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Emotion, space, and power: Jerusalem as contested space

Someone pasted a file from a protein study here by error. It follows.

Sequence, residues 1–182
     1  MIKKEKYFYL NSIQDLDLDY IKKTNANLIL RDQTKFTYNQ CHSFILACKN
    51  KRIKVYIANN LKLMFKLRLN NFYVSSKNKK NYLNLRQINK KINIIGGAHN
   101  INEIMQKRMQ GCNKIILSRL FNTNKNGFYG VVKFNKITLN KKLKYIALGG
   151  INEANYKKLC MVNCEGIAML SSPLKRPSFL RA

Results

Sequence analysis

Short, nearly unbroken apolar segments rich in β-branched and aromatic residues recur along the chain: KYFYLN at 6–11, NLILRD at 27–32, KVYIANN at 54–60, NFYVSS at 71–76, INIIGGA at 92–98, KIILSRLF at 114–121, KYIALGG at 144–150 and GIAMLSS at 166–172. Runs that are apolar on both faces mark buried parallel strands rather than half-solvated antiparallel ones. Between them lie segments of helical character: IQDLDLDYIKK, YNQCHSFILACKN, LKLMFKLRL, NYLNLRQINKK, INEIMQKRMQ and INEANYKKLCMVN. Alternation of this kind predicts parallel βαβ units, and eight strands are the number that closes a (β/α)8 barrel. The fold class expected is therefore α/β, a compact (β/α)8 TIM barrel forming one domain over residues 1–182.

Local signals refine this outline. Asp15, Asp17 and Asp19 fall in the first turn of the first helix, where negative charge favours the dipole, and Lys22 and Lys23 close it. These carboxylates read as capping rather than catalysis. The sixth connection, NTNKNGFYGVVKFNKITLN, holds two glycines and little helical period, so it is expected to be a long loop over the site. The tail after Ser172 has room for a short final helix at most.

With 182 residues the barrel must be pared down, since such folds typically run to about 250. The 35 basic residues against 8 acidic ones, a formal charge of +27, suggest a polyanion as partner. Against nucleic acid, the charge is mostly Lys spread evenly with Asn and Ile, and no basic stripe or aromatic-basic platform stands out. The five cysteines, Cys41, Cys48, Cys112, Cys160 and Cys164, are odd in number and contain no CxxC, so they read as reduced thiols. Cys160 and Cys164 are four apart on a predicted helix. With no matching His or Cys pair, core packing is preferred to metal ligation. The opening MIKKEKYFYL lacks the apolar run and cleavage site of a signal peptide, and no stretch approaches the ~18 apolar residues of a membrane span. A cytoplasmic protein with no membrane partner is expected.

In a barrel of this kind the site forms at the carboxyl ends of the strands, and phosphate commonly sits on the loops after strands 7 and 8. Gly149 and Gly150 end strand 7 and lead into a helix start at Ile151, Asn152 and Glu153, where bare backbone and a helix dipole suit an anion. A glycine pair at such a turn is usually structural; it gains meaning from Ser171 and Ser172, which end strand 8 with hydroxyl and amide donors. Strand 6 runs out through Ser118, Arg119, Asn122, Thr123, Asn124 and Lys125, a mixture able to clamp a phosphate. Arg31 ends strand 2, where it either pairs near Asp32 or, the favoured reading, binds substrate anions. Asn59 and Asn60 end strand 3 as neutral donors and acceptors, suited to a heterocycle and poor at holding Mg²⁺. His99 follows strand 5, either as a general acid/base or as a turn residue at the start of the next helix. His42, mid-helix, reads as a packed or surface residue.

The emotionally evocative metaphor of the city Jerusalem as Yhwh’s adulterous wife in Ezekiel 16 is fundamentally spatial. Gender, space, and emotion intrinsically combine to inform the portrayal of the main protagonist Jerusalem: a gendered, personified city who feels. Despite the spatial dimension that underpins this metaphor and informs Ezekiel’s own traumatic experience of displacement, no scholars have attempted to understand the emotional dimensions of Ezekiel 16 through the lens of space. This is surprising given interdisciplinary research that emphasises the inextricable link between space and emotions in the human experience. Space is a vital component of emotional expression, formation, and representation because emotions are embodied, dynamic, and situated (in time and space). Similarly, emotions have an indispensable role in the experience, formation, and representation of space itself. On the one hand, the thesis argues that the power struggle between Jerusalem and Yhwh is a struggle over the contested space of Jerusalem’s body and the city and that, through her representation as a woman with compromised bodily boundaries, Jerusalem is portrayed as a threatening object of disgust. Importantly, Jerusalem’s emotions are in a dynamic relationship with the spaces in the text – they are signified by these spaces, they shift as the constitution of the spaces shifts, and they are shaped by Jerusalem’s use of space. On the other hand, contested space not only features in the struggle between Yhwh and Jerusalem over control of Jerusalem’s body space and the city space, it features in the frequent mentions of foreign places and foreign peoples. Contested space is a feature of Jerusalem’s very identity as a woman “from the land of the Canaanite” – a people with whom Israel engaged in a bitter struggle over land. Jerusalem’s identification as a woman of mixed, non-Israelite heritage who pursues men from foreign nations heightens her portrayal as disgusting by drawing on stereotypes in Ezekiel’s shared cultural tradition that portrayed the foreign Other as sexually promiscuous, idolatrous, and murderous and therefore “morally” impure. Foreign women in particular were framed as a threat to the covenant between Yhwh and his chosen people. By portraying the Judahites as a foreign woman, Ezekiel humiliates and emasculates the exiles and emphasises that their behaviour caused their displacement.